Sigh of relief for Eddie as medal is finally on the way

Lieutenant Colonel Nick Grace leads Royal Marine musicians on board Britannia

Nick’s swansong on Britannia is a proud moment

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IT’S been a long wait for Commander Eddie Grenfell but after 16 years of campaigning he will soon have his hands on a medal.

As a veteran of the Arctic Convoys, Cdr Grenfell is one of many who didn’t receive a medal in recognition of their bravery during the Second World War.

PLEASED Commander Eddie Grenfell in The Queen Alexandra Hospital Portsmouth.   Picture: Malcolm Wells (13573-2008)

PLEASED Commander Eddie Grenfell in The Queen Alexandra Hospital Portsmouth. Picture: Malcolm Wells (13573-2008)

Cdr Grenfell has been leading the campaign since 1997, but has been in hospital seriously ill with heart trouble since last month.

But Defence minister Mark Francois announced that the veteran sailors will at long last receive the Arctic Star medal.

‘It’s been 16 years of absolute frustration,’ Cdr Grenfell said.

‘We were only kids. We were only 22 years of age. It was absolute hell. And we didn’t think we would have to fight to get British recognition.

‘It feels good now. After 16 years we’ve been successful. It’s a beautiful medal.

‘I will be delighted, however, I think of all my chums who are no longer with us, and then I am angry. They had to wait and then nothing happened.’

Cdr Grenfell added that there is only one place he wants to receive his medal.

‘I insisted it should be done here in Portsmouth because it’s the people of Portsmouth who have helped me all the way along,’ he said.

‘Not only The News, but the MP’s and the people of Portsmouth have all helped me and therefore I have said what I want. I want it done in The Guildhall.’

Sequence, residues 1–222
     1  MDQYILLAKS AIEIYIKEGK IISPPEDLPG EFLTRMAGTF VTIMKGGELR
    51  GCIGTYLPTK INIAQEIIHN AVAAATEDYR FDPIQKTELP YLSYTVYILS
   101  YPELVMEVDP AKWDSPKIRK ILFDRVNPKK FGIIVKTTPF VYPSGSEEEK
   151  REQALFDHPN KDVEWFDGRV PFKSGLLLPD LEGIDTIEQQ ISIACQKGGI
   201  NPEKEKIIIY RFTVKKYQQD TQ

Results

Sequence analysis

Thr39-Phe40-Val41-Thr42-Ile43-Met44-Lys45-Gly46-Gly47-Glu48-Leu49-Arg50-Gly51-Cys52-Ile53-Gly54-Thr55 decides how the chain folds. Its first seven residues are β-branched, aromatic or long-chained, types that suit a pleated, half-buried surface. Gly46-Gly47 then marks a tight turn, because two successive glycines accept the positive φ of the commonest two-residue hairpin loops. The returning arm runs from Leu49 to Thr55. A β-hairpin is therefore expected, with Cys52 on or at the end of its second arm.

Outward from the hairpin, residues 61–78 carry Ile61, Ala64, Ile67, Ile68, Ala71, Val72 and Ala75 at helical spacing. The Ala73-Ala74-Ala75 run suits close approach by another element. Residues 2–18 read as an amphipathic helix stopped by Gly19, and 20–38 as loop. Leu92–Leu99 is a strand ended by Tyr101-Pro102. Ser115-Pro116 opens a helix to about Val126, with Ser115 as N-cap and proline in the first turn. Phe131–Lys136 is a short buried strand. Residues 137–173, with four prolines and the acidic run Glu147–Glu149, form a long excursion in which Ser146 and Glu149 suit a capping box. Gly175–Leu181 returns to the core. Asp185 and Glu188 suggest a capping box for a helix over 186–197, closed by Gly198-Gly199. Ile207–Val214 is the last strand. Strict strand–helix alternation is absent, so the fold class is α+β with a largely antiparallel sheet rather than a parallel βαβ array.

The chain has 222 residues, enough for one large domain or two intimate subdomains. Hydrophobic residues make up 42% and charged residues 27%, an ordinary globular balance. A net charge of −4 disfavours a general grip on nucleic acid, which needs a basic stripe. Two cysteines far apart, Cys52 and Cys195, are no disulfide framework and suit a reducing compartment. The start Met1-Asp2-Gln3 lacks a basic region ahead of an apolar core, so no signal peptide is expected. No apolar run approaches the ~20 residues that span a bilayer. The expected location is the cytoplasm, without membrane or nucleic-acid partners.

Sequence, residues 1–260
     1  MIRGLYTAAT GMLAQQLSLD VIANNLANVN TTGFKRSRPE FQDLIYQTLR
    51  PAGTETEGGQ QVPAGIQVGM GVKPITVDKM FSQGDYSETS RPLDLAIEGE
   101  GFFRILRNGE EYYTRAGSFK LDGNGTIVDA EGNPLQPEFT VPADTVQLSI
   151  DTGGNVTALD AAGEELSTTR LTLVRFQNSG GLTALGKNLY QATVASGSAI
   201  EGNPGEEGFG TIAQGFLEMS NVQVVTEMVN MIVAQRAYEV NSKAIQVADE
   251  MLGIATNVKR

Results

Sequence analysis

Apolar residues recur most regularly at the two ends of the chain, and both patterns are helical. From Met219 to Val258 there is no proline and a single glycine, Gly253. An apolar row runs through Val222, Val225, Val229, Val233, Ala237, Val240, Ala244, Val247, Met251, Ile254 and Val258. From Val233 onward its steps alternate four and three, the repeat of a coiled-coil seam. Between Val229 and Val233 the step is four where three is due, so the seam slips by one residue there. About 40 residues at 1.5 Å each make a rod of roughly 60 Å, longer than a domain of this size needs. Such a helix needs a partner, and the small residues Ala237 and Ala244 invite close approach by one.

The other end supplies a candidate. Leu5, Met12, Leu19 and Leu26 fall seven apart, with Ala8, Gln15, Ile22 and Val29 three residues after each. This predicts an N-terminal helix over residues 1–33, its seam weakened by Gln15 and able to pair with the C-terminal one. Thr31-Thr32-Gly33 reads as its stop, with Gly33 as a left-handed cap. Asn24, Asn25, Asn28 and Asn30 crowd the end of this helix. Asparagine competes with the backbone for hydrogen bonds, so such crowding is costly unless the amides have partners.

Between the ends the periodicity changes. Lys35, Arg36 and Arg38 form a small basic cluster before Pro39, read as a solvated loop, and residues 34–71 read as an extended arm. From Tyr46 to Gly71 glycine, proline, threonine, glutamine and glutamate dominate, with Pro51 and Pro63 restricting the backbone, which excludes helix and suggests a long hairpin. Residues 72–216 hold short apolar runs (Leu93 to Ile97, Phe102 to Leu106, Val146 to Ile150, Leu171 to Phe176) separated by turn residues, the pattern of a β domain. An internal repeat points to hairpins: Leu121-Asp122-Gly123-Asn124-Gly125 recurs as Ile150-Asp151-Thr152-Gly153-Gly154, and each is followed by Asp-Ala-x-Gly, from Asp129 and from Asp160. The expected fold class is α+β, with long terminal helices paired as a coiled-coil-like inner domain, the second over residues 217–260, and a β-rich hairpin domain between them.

Production of the new Arctic Star has already started, with the first veterans expected to receive them next month. It has been designed by the Royal Mint advisory committee and is based on the Second World War Star.

More than 3,000 sailors died between 1941 and 1945 running a sub-zero gaunt-let of German warplanes and U-boats to keep Russia supplied and fighting during the war.

HOW AND WHERE TO GET YOUR MEDAL

PRODUCTION for the medals has already begun.

They are being made at The Royal Mint in Llantrisant near Cardiff.

Those eligible for the new Bomber Command clasp will have previously qualified for the 1939 to 1945 Star, to which the clasp will be affixed.

There is an additional requirement to have flown at least one operational sortie as aircrew on a Bomber Command operational unit.

Those eligible for the new Arctic Star are all those who served for any length of time north of the Arctic Circle in World War II.

Eligible veterans and next of kin are now encouraged to apply for the new awards. Details and an application form can be found at veterans-uk.info or by calling 08457 800 900.

Priority for the new awards will be given to applications from veterans and widows. Other next of kin are also able to apply and they will receive their awards shortly afterwards.